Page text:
Okay, you’ve got the right size for your height/inseam, but there are some minor things that could use adjustments. We will begin at the front of the bike where we can start making changes to improve comfort. For most, their body type or riding style might warrant a wider handlebar than what comes stock; however, most trail/enduro bikes come with 800mm bars that some may even cut down. With a wider handlebar, there is more steering stability, which is great for nastier terrain; but, this does slow down your steering maneuverability. An additional benefit to running a wider bar is it opens your chest more, encouraging easier breathing when putting down power up hills. While the handlebar is one factor for your hands, your shifter and brake lever positions are also important. We try to set both so our wrists are not bent at an awkward angle, leaving a small degree of freedom for movement. Anything more than 15-20 degrees of a bend and you are at risk of unwanted injury or strain.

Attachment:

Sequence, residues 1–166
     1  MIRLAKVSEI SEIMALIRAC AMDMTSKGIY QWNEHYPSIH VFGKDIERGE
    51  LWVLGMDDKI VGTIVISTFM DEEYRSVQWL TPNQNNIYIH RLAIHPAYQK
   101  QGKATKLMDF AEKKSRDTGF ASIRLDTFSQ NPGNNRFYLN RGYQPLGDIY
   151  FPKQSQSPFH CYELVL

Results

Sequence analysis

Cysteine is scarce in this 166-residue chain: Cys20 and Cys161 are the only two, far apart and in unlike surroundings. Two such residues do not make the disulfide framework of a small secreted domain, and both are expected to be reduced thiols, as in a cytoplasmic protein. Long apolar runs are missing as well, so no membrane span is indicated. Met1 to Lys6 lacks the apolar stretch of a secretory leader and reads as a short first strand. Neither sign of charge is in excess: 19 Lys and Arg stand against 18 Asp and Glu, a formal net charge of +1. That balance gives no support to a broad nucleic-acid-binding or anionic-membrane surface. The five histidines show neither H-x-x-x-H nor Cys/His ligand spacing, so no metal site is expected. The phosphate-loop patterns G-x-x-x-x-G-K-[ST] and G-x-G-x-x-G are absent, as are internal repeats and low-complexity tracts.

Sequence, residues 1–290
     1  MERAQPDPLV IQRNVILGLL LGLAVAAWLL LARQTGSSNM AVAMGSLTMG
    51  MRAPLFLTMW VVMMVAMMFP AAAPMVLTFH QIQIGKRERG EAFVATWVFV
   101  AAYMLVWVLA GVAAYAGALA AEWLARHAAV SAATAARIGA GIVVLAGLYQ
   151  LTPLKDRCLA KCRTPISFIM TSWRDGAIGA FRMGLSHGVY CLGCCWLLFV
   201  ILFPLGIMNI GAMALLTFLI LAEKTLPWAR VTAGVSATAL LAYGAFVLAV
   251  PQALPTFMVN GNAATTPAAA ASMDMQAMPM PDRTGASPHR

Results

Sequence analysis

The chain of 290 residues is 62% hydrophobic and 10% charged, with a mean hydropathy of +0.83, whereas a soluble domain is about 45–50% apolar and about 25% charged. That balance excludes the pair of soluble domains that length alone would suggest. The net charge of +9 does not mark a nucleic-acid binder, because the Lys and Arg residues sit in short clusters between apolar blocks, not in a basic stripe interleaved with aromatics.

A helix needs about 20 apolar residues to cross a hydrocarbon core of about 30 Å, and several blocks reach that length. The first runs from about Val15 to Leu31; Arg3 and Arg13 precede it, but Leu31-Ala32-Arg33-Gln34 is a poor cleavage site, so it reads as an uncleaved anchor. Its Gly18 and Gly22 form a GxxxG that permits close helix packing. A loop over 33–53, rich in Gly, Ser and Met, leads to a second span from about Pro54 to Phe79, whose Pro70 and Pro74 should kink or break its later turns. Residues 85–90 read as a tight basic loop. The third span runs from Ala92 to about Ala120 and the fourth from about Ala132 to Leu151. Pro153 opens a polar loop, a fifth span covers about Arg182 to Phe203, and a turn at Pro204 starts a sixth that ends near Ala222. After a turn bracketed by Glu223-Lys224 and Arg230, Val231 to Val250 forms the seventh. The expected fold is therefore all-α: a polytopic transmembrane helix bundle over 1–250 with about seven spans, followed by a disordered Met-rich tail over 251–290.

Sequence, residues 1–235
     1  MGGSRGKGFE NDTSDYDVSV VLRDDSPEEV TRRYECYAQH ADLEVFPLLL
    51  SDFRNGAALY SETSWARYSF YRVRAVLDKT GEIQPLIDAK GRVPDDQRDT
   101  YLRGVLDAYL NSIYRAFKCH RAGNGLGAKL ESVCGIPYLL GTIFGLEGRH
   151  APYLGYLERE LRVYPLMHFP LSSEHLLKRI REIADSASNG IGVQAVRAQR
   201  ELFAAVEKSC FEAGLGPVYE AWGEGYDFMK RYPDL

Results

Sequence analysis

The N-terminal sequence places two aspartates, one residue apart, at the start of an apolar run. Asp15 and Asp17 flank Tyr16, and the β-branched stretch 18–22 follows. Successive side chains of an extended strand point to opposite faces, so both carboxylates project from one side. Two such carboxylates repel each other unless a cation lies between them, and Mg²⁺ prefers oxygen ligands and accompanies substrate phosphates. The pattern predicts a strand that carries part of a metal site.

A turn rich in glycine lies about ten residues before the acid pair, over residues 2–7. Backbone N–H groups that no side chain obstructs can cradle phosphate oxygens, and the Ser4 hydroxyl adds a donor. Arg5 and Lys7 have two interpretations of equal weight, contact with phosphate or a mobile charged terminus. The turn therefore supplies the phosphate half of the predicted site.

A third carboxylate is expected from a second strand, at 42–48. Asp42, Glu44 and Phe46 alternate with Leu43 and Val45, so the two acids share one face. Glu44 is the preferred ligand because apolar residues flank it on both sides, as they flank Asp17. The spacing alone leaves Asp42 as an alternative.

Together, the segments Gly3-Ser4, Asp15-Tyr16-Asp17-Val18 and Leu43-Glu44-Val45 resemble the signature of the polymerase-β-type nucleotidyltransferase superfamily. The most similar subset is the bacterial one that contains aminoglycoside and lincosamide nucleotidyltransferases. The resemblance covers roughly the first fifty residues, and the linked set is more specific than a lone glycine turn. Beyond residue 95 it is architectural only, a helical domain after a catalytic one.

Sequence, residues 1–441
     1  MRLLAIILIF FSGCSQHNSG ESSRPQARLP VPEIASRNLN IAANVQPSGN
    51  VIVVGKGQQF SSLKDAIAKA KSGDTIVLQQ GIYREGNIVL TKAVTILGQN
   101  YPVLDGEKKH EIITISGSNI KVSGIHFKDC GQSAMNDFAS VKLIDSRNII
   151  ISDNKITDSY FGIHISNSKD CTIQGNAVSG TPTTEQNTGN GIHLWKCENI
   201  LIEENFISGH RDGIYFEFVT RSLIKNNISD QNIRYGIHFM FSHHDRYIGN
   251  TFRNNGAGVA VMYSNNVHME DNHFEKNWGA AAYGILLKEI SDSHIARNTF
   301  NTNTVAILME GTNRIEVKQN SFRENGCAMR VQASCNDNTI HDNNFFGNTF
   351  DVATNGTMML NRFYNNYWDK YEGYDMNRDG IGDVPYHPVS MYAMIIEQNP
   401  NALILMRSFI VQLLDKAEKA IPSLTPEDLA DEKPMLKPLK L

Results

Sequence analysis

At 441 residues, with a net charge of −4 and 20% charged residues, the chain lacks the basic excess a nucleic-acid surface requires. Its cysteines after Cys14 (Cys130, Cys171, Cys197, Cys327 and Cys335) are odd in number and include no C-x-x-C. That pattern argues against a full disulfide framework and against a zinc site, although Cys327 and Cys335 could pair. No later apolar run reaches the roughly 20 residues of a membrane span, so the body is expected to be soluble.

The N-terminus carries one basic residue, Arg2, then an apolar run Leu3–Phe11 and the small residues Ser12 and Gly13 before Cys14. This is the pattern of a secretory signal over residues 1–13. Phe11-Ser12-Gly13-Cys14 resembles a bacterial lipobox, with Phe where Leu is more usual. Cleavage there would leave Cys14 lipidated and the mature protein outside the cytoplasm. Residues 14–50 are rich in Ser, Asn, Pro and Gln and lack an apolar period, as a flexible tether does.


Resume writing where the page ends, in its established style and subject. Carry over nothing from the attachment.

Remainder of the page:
Another thing to consider at the front is your handlebars being too low or high. In simple terms, the goals of adjusting bar height can be broken down into these two points: You should have a comfortable back angle, and it should feel natural to look ahead without straining your neck.